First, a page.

Wikipedia is the Encyclopedia that Anybody Can Edit. But Have You?
Launched in 2001, Wikipedia is now the most commonly used source for general reference on the Internet. It ranks fifth among the world’s most visited websites and contains over 17 million articles in multiple languages. The English version alone is read by 13 million people a day. Wikipedia’s unique and remarkable feature is that it is the largest collaboratively produced knowledge repository that has ever existed. It can potentially be edited by any of the two billion people worldwide (30% of the global population) with access to the Internet.
It is clear that Wikipedia is the general public’s primary source of expert knowledge, including psychological science. Unfortunately, the quality of information about psychological science in Wikipedia is uneven and for many of our most central theories, methods and discoveries it says not much that is of interest or importance. To change this state of affairs I am announcing the APS Wikipedia Initiative (APSWI) which is aimed at improving the state of knowledge about the discipline.
In my first column in September I reminded us that the strength of this organization is its members and their contributions. The APS Wikipedia Initiative offers an unprecedented opportunity for researchers, educators and students to dramatically increase public understanding and appreciation of psychological science, and in the process, help achieve a more complete and accurate representation of our science.
I believe in the Wikipedia initiative because like many of you I believe that free access to knowledge is a right. Although I’m unlikely to use Wikipedia to learn about psychology, I do use it regularly to learn about all sorts of things I know far less about. For this reason I support it by using it and contributing to it. I gain from Wikipedia when I desperately need to know the early history of hollandaise sauce, but also look forward to its ‘article of the day’ which is automatically sent to my mailbox. It is a rare day when I don’t open it at all, which is more than I can say about anything else that arrives regularly in my inbox. In just the month of November alone I learned about Minnie Pwerle, an Aboriginal artist; the Manchester Mark 1, a computer that successfully computed Mersenne prime numbers in 1949; and the failed Gunpowder Plot to kill James I. All this in only three days out of thirty!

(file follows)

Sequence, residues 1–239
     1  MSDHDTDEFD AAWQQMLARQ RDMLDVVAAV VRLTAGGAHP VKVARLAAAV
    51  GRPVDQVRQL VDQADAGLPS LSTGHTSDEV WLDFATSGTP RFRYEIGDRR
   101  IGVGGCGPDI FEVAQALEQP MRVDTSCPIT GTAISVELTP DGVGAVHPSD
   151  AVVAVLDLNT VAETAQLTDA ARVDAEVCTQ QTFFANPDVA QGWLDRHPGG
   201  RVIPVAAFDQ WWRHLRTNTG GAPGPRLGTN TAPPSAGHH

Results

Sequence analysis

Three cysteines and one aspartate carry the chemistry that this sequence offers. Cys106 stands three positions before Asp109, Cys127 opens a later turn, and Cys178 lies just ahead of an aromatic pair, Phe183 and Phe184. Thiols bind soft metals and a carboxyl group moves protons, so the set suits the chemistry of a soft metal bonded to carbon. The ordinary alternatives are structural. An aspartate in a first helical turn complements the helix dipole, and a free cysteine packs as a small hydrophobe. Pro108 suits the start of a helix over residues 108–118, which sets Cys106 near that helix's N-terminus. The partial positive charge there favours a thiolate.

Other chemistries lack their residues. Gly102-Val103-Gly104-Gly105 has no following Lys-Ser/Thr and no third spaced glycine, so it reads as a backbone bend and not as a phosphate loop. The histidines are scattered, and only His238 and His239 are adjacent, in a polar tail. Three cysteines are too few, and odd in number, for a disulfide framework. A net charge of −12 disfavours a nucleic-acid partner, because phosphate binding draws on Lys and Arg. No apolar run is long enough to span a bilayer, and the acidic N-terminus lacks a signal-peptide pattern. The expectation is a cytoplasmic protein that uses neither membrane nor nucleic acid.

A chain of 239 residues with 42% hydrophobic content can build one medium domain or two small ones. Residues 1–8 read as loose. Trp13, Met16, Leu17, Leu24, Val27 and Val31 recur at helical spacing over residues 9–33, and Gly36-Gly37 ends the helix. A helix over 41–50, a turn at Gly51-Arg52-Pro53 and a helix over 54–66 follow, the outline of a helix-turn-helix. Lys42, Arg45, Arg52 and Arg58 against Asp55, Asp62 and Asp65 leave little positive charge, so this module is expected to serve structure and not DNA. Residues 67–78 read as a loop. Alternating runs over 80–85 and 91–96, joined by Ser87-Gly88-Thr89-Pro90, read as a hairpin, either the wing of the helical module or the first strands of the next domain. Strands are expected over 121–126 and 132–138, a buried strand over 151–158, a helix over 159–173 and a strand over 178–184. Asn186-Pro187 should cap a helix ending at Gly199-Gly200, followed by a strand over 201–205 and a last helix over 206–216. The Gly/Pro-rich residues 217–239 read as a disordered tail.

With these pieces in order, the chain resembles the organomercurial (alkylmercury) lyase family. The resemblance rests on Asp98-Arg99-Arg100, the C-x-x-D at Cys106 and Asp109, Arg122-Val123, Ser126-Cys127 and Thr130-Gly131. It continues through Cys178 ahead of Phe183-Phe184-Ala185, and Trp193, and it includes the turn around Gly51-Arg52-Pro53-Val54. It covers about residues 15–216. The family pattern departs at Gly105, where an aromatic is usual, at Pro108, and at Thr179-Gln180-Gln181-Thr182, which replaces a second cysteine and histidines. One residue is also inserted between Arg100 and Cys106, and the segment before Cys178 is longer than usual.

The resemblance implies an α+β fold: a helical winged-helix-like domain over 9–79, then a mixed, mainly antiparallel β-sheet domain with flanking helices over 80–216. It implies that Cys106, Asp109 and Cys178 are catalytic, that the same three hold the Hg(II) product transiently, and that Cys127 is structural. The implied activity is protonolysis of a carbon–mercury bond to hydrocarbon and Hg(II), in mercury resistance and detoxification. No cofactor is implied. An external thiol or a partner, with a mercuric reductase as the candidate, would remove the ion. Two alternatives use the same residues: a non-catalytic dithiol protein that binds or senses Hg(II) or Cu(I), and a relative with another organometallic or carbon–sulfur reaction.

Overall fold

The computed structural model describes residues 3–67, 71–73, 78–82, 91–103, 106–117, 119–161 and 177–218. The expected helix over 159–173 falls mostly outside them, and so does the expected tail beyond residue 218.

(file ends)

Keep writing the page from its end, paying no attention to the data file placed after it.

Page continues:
How can one not be impressed with well-written and educational ‘featured articles’ that turned out that way because dozens of people contributed their expertise on common and esoteric subjects, struggled to reach consensus (succeeding in most cases), and did so by baffling economists yet again by doing it for no monetary compensation, and in addition, by doing it anonymously.
Many of us complain regularly and justifiably about the lack of recognition of our science outside the borders of our own discipline within the academy and certainly outside of it. We say that people don’t seem to have an accurate understanding of what we do, and that we have far less influence in matters that shape the state of the world than we think is deserved. We wonder how it can be that there are no psychologists among the president’s science advisors.
The causes of this state of affairs that lie outside our own control are not my concern here. But to the extent that we can ourselves be spokespeople about what we have discovered, what we theorize about, who our heroes are — who better to explain that than us? Who more credible to do so than us? It is my belief that we can dramatically increase the public’s understanding of our discipline and its appraisal. I want to persuade you that we can do so by contributing in a variety of ways, one of which is through a free and open medium that is available to all of us in the form of Wikipedia.
Some Facts About Psychology on Wikipedia
There are 5691 articles associated with the Project on Psychology at Wikipedia. Of those, only a third have even been assessed through Wikipedia’s peer assessment. We must change this. Of the roughly 935 articles that have an assessment of medium or higher importance, only 2% are above ‘B’ level, only 9 have ever been featured, and only another 9 have ‘Good Article’ status. We’ve got to improve this.
Start by looking at the most basic Wikipedia entries in your own area of expertise, and you will see the problem immediately. Although some articles are great (see the articles on autism or confirmation bias), many are stubs, with hardly any content (e.g., see the articles on moral reasoning or Stanley Schacter). The vast majority of entries do not present information in the form in which you teach and think about it.